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A Proposal For Unity Part 4: Silence of the Scriptures

August 12, 2007

The only source of divine authority available to the church today is the scriptures. Topics on which the scriptures are silent are inherently disputable matters, since there is no final word from the Lord to settle a dispute on these topics. Therefore no authority can be inferred from the silence of the scriptures.

Thomas Campbell’s fifth proposition addressed the silence of the scriptures. He held that no mortal man is authorized to make rules or to implement requirements in the church which are not found in the scriptures. Further, he insisted that nothing should be accepted into the practice of the church “that is not as old as the New Testament.”

That last part is where the greatest difficulties arise. In effect, he was saying that scriptural authorization is required for every single thing done in the church. Where the scriptures are silent, therefore, the church would be prohibited from acting.

I have written previously here and here and here about the silence of the scriptures. I will not rehash that ground here. Instead, I want to take a historical look at the doctrine of silence.

The notion that silence prohibits did not originate with Campbell. At least as far back as Huldreich Zwingli (1484-1531), in the Swiss Reformation, the prohibitive nature of silence was a fundamental tenet. In contrast to Martin Luther, Zwingli believed that not only the faith but also the practice of the church had become corrupt, and therefore need to be restored. Luther focused on the spiritual realm, particularly on the process for receiving forgiveness of sins. So Luther made relatively few reforms in the outward practices of public worship. Zwingli, on the other hand, removed the statues, relics, pictures, altar equipment, priestly vestments, and audible music (both instrumental and vocal) from the church. He held that Christians were to make melody “in their hearts” and not their mouths. (Discovering Our Roots — The Ancestry of the Churches of Christ, p. 27)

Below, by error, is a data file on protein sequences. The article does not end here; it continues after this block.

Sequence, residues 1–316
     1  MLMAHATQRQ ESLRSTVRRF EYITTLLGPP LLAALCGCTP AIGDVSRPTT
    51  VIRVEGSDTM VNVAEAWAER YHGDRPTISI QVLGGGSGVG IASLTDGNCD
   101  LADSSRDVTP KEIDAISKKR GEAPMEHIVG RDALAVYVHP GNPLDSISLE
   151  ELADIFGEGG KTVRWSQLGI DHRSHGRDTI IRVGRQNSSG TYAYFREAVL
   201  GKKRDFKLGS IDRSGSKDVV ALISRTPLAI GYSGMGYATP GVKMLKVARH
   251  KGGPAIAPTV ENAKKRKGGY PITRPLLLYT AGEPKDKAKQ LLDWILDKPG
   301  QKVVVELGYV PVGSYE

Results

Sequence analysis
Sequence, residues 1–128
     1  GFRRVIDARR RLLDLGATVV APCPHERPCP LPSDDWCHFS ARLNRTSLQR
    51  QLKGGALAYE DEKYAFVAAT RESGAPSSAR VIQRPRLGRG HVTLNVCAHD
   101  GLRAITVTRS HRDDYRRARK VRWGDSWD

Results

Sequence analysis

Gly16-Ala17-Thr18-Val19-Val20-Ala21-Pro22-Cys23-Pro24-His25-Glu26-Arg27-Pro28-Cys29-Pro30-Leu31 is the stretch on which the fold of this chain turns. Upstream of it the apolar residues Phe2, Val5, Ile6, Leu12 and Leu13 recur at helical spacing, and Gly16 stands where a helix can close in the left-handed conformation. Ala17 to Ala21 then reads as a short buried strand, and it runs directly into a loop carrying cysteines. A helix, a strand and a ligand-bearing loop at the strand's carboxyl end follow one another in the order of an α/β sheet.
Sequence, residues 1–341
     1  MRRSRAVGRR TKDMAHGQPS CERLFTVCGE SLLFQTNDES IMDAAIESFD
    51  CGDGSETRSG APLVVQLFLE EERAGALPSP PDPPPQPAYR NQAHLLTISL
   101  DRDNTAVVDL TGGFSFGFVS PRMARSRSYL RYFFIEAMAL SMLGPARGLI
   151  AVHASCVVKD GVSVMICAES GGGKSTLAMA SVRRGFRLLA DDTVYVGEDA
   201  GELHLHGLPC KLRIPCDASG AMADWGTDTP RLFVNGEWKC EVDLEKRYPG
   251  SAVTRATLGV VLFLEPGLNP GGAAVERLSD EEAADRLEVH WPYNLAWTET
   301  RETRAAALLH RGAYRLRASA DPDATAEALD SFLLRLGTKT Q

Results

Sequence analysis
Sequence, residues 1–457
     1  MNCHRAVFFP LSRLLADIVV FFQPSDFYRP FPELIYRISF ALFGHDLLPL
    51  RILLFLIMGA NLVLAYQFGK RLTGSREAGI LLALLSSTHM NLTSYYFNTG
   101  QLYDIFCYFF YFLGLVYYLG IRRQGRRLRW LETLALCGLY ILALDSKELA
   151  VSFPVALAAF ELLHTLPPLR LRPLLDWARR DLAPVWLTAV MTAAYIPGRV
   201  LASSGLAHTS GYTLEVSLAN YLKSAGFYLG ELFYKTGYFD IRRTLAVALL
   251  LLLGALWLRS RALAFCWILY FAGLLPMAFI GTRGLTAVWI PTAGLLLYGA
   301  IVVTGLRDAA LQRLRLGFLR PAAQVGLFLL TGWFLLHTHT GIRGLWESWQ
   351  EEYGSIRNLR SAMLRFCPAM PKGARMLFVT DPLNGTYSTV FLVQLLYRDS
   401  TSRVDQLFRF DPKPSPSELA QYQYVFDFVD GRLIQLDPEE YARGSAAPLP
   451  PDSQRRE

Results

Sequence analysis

However, Zwingli stopped short on one topic: infant baptism. The relationship between church and state brought with it a relationship between citizenship and church membership, which made it difficult to postpone church membership waiting for an adult believer’s decision. But the Anabaptists, who lacked the state’s sanction, had no conflict of interest on the subject, and challenged Zwingli on his inconsistency. These Anabaptists held an even more fervent commitment to the prohibitive nature of silence, and soon brought their views into America, becoming the Amish and Mennonite churches.

The Puritans found their way into America in the 1600’s, bringing with them their belief in the prohibitive nature of the silence of the scriptures. Here they sought to coerce Baptists, Quakers, and others to conform to Puritan doctrine, by methods including imprisonment and public whippings. These are the same Puritans who, before the end of the century, executed twenty people and imprisoned nearly 200 in the Salem witch trials.

The Baptists emerged from English Puritanism in the early 1600’s, with similar views on silence. They brought those views to America. One important branch of this movement was known as the Separatist Baptists. They sought to restore the New Testament pattern in their worship. They held to

“nine Christian rites”: baptism, the Lord’s Supper, the love feast, the kiss of charity, anointing the sick, laying on of hands, dedicating of children, and the right hand of fellowship. They also appointed elders, deacons, and deaconesses, believing these offices to have precedents in the New Testament. Their writings were filled with appeals to scriptural “precedent” and to the “primitive Christians.” One writer claimed that, upon examination, people would find the Baptist Church “exactly corresponds with the rule and line of the Gospel in every part of it.” (Discovering Our Roots — The Ancestry of the Churches of Christ, p. 67-68).

These Separatist Baptists rejected all creeds, claiming to follow the Bible “without note or comment.”

The Stone-Campbell movement emerged from the same communities where these Separatist Baptists had taught for generations. Many of those early converts came from a Separatist Baptist background. The strong views in the churches of Christ on the silence of the scriptures can be traced through these separatist Baptists, through the Puritans, all the way back to Huldreich Zwingli. Along the way, hundreds if not thousands of well educated, zealous and sincere men have been imprisoned, tortured and burned at the stake rather than renounce their conclusions drawn from the silence of the scriptures. Indeed, these were true believers.